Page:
My company will soon be releasing an XForms processor that supports XForms by leveraging Ajax engines. The XForms mark-up is not converted server-side, but instead the 'pure' forms are delivered to the browser which processes them, and makes use of an Ajax library to provide much of the actual functionality. (At the moment the library supports YUI for all features, and has a few Dojo- and script.aculo.us-compatible adapters in place as a proof of concept.)
Sending the full XForms to the browser means that you can use any server technology you like with your forms. This architecture is quite nice, since you get most of the benefits of using an XForms processor like formsPlayer
or the FIrefox plug-in
, but with the easy deployment and browser-compatibility model provided by Ajax. And most importantly, you get to do Ajax using mark-up; our library supports some SMIL animations as well as XForms, further decreasing the need for script.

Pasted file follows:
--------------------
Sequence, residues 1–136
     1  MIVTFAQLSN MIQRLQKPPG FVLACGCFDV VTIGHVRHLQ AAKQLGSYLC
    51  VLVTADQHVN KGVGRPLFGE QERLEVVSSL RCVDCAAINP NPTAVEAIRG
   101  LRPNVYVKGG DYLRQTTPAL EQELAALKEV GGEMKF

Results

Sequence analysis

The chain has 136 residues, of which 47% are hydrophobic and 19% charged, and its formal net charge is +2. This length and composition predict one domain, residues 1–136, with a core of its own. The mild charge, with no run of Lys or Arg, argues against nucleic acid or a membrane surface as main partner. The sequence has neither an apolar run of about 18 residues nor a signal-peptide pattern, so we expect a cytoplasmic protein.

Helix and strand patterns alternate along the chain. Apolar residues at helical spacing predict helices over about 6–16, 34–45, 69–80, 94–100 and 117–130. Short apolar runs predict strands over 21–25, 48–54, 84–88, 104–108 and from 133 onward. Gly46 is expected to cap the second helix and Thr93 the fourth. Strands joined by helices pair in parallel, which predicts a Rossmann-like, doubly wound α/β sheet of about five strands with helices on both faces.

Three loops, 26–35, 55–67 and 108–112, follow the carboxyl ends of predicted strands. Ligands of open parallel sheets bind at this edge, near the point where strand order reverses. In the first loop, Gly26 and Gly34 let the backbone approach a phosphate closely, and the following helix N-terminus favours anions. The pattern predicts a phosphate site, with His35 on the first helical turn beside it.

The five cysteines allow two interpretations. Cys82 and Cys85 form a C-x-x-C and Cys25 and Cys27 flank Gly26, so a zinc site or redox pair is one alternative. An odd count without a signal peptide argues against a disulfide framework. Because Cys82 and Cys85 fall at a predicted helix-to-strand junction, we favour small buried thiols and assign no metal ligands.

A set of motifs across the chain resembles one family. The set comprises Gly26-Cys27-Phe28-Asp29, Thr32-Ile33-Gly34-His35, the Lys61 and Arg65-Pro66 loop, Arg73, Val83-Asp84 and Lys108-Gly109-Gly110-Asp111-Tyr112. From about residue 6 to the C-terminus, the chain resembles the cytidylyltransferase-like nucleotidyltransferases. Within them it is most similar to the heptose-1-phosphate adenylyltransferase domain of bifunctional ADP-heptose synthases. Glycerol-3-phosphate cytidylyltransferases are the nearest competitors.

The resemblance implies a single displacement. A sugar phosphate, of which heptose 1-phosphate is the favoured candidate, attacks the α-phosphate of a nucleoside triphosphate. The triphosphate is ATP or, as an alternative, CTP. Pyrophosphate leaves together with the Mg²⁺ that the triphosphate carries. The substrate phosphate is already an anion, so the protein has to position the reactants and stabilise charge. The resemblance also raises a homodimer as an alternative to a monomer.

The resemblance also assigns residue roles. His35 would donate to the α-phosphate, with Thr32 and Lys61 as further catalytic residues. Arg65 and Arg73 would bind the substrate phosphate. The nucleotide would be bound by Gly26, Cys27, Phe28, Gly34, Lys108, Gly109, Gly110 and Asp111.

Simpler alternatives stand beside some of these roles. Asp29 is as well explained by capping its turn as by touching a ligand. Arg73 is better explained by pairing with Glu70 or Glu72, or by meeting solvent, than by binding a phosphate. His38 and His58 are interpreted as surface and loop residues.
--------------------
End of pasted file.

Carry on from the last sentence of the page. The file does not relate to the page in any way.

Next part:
One thing I'm really excited about is what I've called Progressive Browser Enhancement
, which XForms lends itself to very nicely; the idea is that if the user installs components like a system tray message processor, browser extensions, offline storage such as Google Gears, or whatever, the XForms library makes use of the component without having to modify any code.
That takes XForms to a whole other level when it comes to creating web 2.0 applications.
We're still preparing the modules for release as an open source project, so I can't give you any links at the moment, but feel free to contact me if you want to know more. The code will be dual-licensed, so that non-open source projects can still make use of the library.
Product-plugging aside (hopefully I haven't overstepped the mark here!), I think XForms is a good way to go for web 2.0-style applications, and as the year progresses, you'll see applications being built along exactly the lines that you are considering.